Blu-ray Review: The Major and the Minor (1942)

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There's hoping you look younger and then there's hoping you look twelve. And as it turns out, twelve is exactly how old Ginger Rogers — then age thirty — was going for in screenwriter Billy Wilder's American directorial debut, The Major and the Minor.

Tired of being propositioned in one dead end job after another (totaling twenty-five in a single year), and unable to pay the full adult fare for a train ticket home, Rogers loses the makeup, braids her hair, and adjusts her clothes to pass herself off as a child to get the cheaper rate from New York back to Iowa.

Sliding into Ray Milland's private sleeping car when the conductor catches onto her act, Rogers gets more than she bargained for when she begins to fall for the handsome major. Stranded in Indiana after a storm, the Major she calls Uncle Philip brings Susan (Rogers) home to where he's currently working as an instructor at a military academy while waiting to return to active duty.

Though she's stuck living with his fianceé Pamela (Rita Johnson) who grows suspicious of her fiancé's devotion to the startlingly womanly adolescent, the cadets make Susan feel right at home, delighting in her company so much that they actually create a schedule to see who gets to spend time with the "girl" from dawn to dusk.

A May December romantic comedy that plays out under the guise of a Shakespearean style masquerade, while The Major and The Minor has the added risk of what without the pretense would be a love story between an adult and a purported adolescent, the film was a surprising hit at the 1942 box office. Billy Wilder's first time out at bat as a Hollywood director and based upon Edward Childs Carpenter's 1923 play based on the 1921 story by Fannie Kilbourne, Major helped establish some of the main themes and plot devices of mistaken identity that Wilder would revisit throughout his career in films such as Some Like it Hot and Love in the Afternoon.

Playing up their bond as a wholesome uncle-niece or mentor-mentee style relationship while blurring some of the risqué edges in Susan's interactions with the overeager hormonal cadets, while there's absolutely no mistaking Ginger Rogers for a tween, she's utterly dynamite in Major, which was written by Wilder and Charles Brackett with the newly minted Oscar winner in mind.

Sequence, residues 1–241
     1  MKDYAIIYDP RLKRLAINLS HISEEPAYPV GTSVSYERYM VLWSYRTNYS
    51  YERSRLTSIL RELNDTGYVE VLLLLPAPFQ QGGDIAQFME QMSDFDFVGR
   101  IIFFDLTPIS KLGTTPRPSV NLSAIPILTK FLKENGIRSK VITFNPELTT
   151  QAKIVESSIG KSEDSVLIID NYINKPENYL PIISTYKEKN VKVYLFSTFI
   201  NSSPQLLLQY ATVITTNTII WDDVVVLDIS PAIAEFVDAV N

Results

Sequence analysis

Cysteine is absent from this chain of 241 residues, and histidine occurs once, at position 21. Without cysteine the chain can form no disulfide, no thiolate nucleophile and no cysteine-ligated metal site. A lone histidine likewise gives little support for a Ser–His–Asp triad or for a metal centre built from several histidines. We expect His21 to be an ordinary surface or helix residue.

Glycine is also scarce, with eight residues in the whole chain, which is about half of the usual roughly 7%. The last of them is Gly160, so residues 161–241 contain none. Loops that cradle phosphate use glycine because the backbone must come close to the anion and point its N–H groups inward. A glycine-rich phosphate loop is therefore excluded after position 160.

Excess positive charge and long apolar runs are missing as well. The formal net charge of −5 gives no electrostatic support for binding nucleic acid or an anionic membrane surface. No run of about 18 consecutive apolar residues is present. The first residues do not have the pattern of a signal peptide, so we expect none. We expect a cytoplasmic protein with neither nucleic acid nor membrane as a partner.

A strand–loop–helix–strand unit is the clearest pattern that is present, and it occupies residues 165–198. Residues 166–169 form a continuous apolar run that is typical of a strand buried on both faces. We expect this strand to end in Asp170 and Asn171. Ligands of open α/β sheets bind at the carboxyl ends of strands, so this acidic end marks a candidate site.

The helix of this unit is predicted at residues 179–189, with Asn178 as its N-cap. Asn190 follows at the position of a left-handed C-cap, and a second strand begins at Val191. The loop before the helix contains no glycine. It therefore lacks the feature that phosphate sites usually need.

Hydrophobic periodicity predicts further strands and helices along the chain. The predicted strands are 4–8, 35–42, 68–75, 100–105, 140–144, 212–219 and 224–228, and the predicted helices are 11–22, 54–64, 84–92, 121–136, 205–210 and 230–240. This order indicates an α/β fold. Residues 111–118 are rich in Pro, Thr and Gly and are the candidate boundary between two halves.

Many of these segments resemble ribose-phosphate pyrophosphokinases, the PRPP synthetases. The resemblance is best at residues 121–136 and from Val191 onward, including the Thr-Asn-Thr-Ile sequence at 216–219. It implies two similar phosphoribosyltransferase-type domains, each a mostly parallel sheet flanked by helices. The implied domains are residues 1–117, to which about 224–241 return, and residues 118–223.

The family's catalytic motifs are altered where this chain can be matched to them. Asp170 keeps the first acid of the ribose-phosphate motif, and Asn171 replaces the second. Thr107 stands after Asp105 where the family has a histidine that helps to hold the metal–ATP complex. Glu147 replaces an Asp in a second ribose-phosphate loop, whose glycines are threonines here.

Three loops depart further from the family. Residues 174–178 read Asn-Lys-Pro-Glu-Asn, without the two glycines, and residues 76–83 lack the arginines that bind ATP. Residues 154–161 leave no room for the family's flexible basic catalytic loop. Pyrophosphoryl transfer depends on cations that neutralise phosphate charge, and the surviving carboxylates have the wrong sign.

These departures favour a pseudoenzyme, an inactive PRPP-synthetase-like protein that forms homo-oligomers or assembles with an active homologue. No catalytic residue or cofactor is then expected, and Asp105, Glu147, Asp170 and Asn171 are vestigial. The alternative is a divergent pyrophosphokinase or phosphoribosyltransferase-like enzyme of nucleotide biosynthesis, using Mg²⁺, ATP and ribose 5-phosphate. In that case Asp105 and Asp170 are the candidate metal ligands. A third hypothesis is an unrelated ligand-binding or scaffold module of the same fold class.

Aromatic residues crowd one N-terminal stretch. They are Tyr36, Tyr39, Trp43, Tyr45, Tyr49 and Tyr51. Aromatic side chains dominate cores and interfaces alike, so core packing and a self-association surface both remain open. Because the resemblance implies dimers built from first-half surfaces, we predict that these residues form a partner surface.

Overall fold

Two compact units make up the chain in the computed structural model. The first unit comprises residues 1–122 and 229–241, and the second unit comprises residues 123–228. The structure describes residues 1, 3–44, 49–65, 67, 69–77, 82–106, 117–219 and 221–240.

Responding strongly to the inciting incident at its premise as she'd occasionally posed as a younger child to save fare money as a younger woman when traveling with her mother, in the film that would become one of her personal favorites throughout her career, Rogers stars alongside her real-life mother Lela E. Rogers in a memorable sequence in Major's final act.

Yet where it was Rogers' job to let us in on the joke, Ray Milland nobly avoids the temptation many in his position might've felt to deliver his lines with a wink by instead playing everything on the level. Further lending the work some gravitas, in a role originally intended for Cary Grant that was later spontaneously offered to Milland by Wilder while shouting out of his car at a stoplight, the actor turns in an impressively controlled yet altogether sunny leading man performance.

A great reminder of not only Ginger Rogers' versatility as an actress in all genres beyond musicals but also a fascinating jumping off point from writing to directing by a screenwriter hoping for more control over his scripts, The Major and the Minor has been given a stunningly clear transfer to Blu-ray in this new Arrow release. Arriving shortly after their gorgeous restoration of Hold Back the Dawn, which, like Major, was also penned by Wilder and Brackett, this Arrow edition comes complete with an archival interview with Milland, an hour long radio play with the original leads reprising their roles, as well as a feature length critical commentary, essay, and featurette sure to be of interest to classic film buffs.

Largely overlooked in Wilder's legendary career, The Major and the Minor might be in comparison a minor entry in his enviable filmography but the featherlight romantic comedy still sparkles today, thanks to the jovial turns by its committed leads as well as a trademark Wilder style that's half 1930s screwball and half slightly twisted fairy tale, suitable — Rogers style — for ages twelve and up.

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